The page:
Chapter 3: Moon — Piccarda and the Empress Constance (Unfulfilment of Religious Vows)
Dante was happy with what he had learned from Beatrice, and he raised his eyes, thinking to speak to her. But immediately he saw before him, vaguely, faces. The faces were indistinct; looking at each face was like looking at a pearl lying against pearly white skin.
Dante looked behind him, thinking that they were reflections. In doing so, he made a mistake that was the opposite of the mistake Narcissus had made. Narcissus had seen his own reflection in a pool of water, and he fell in love with it, mistaking a reflection for a real thing. Dante, however, mistook what is real for reflections. The faces really were in front of him, pale and indistinct as they were.
Beatrice saw Dante turn around. She smiled and said to him, “Don’t be surprised at my smiling at your mistake. The evidence is in front of your eyes, but you do not believe it. You look in back of yourself although nothing is there to see. The faces you see in front of you really are in front of you. They are here because they broke their vows. They are here so that you may learn from them. Speak to them. Believe what they say. They are perfected souls who are blessed by God, and they will not mislead you.”
Dante faced the souls, and to the soul who seemed most anxious to talk to him he said, “Soul, you who are well created and who enjoy Paradise and endless life, things whose goodness cannot be truly known until they are experienced, please tell me who you are and please tell me your fate.”
The soul, happy, replied, “We are filled with love, as is our Creator, and we will happily respond to a just request such as the one that you have made.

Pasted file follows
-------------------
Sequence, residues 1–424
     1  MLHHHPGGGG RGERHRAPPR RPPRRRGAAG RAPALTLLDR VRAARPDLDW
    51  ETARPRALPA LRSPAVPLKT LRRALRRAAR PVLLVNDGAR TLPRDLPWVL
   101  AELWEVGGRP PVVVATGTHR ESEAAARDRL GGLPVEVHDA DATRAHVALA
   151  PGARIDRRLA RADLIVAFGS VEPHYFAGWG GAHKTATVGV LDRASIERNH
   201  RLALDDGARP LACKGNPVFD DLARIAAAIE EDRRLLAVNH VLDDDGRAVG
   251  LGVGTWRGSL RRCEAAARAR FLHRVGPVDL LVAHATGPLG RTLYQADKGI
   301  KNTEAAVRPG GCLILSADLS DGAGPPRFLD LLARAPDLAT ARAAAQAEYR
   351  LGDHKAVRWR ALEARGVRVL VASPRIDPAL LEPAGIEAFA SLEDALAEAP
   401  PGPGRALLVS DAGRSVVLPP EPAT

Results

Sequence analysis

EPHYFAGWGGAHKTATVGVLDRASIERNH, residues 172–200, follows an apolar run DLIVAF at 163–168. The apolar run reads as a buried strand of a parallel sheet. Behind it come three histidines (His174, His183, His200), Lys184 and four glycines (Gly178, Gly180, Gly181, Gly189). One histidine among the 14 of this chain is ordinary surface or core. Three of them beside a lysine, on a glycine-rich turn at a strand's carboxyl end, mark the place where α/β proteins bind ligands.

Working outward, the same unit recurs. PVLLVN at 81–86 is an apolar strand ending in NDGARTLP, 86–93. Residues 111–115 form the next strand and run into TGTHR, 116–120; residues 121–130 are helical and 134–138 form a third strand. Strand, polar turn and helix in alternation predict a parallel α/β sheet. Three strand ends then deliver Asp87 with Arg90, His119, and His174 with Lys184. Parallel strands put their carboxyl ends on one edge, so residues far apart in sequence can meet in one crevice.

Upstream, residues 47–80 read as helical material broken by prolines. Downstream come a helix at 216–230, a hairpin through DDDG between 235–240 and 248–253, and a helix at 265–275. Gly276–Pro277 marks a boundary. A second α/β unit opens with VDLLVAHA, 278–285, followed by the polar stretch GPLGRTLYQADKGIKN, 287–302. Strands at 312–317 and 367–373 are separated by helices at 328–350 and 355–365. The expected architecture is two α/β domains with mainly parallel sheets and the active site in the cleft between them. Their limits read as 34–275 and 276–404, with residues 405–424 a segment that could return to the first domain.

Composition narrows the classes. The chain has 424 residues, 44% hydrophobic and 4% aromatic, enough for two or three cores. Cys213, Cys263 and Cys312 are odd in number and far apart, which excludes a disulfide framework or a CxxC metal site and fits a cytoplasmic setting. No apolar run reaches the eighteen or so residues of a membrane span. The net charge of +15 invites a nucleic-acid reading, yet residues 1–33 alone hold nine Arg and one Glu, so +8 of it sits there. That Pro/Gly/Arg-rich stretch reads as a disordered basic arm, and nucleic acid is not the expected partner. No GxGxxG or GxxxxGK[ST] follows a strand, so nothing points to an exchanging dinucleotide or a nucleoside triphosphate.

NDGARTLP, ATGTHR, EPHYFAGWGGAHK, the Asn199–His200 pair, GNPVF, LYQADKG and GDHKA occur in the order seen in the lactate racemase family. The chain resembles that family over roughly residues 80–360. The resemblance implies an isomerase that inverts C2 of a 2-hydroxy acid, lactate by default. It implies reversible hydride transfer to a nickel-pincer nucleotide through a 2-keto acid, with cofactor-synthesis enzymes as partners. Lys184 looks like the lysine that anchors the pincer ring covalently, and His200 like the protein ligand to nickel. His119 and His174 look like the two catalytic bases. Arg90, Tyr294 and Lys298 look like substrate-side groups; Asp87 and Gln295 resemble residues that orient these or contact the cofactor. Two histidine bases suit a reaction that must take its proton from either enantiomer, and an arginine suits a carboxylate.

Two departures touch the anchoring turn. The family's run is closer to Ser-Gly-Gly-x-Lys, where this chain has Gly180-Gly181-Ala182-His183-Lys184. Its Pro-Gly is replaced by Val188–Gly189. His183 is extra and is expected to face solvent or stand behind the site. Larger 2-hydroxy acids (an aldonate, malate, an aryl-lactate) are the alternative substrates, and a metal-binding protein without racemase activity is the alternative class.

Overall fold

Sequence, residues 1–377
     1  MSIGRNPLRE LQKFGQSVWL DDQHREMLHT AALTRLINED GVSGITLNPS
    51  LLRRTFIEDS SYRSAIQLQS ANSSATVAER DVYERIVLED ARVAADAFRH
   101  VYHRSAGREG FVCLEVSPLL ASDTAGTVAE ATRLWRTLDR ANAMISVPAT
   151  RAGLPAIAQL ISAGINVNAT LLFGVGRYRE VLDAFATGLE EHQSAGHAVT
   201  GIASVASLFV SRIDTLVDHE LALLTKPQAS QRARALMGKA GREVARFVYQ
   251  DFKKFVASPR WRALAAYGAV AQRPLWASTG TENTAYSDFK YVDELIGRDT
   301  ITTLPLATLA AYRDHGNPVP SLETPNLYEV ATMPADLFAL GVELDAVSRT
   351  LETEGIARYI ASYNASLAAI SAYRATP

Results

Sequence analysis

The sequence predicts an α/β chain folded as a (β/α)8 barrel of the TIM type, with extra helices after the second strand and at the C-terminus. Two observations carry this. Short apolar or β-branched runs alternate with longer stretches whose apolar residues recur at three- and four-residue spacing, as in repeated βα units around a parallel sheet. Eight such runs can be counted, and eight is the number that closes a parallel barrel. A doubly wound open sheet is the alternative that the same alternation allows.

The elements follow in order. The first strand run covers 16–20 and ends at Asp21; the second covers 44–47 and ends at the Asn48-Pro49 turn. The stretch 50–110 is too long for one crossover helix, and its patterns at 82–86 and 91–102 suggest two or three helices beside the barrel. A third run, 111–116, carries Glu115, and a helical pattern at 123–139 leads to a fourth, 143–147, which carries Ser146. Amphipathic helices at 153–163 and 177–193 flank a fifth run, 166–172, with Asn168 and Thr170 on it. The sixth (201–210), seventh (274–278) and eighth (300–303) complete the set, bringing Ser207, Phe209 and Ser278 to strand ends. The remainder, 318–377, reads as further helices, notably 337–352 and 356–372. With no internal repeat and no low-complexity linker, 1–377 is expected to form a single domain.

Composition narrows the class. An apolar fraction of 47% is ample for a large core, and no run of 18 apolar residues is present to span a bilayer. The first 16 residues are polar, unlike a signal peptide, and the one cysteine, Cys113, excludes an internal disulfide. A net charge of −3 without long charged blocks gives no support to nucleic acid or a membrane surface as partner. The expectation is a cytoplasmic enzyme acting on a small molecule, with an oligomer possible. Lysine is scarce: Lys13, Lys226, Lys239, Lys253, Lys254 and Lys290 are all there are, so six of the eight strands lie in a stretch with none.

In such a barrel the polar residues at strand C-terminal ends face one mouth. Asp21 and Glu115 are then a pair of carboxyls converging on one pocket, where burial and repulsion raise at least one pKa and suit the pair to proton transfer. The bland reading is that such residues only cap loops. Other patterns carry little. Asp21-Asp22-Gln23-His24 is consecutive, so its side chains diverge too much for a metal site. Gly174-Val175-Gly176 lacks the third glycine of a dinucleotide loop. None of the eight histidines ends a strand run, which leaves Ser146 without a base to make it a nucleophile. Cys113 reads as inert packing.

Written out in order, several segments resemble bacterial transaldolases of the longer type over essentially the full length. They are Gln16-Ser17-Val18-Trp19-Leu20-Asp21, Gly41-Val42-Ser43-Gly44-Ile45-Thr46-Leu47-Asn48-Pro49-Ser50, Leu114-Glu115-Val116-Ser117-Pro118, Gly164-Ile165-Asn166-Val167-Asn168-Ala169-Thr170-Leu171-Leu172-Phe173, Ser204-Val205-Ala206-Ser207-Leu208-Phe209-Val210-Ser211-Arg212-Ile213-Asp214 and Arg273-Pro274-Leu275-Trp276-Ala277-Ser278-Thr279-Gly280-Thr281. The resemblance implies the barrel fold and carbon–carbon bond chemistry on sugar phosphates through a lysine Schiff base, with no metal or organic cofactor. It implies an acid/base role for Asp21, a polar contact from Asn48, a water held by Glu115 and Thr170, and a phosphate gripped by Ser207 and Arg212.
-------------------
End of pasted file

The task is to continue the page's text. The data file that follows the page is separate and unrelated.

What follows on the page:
“I was a nun: a virgin sister. Think, and remember, and you will find that you know me. You have not recognized me because I am more beautiful than ever I was on Earth. I am Piccarda.”
Dante thought, Indeed, I remember you, Piccarda. You are a member of the Donati family, whom I know well in Florence. Your brother is Forese Donati, who while alive exchanged comic insult poems with me. I recently saw Forese being purged of gluttony on ledge six of the Mountain of Purgatory. Cianfa Donati, another member of the Donati family, is among the thieves in the Inferno. Forese told me that Corso, his brother, will end up in Hell. Obviously, your family does not get you into Heaven or Hell; your own freely willed actions do that.
Piccarda continued, “I and the other souls appear here because we failed to keep our vows in some way. We promised something, and we did not do what we promised.”
Dante thought, You were a nun, Piccarda, but your evil brother, Corso, forced you to leave your religious order and get married. You made a vow as a nun, but because of Corso you could not keep your vow. You had entered a nunnery, but Corso, who is both a brute and your brother, forced you to leave the nunnery and make a political marriage — a marriage that politically benefited Corso.
Beatrice thought, Corso, Piccarda’s brother, is the leader of the Black Guelfs in Florence, and he is the person who will persuade Pope Boniface VIII to send Charles of Valois and his troops to Florence — the military action that will lead to the exile of Dante from Florence. Corso will attempt to gain control of Florence, but he will fail. He will be captured, and when he tries to escape, he will take a spear to the throat and die. He will die on 6 October 1308.
Piccarda continued, “I and the other souls you see are appearing here on the Moon, which is the slowest Sphere.”
Beatrice thought, The closer a Sphere is to the Earth, according to Dante’s medieval beliefs, the slower it moves. The Moon is the closest to the Earth, and therefore it moves the slowest. The Primum Mobile is the furthest away from the Earth, and therefore it moves the fastest.
Piccarda continued, “We are in the slowest Sphere, and we are happy to be here because this is where God put us. We are here because of our failure to keep our vows in some way.”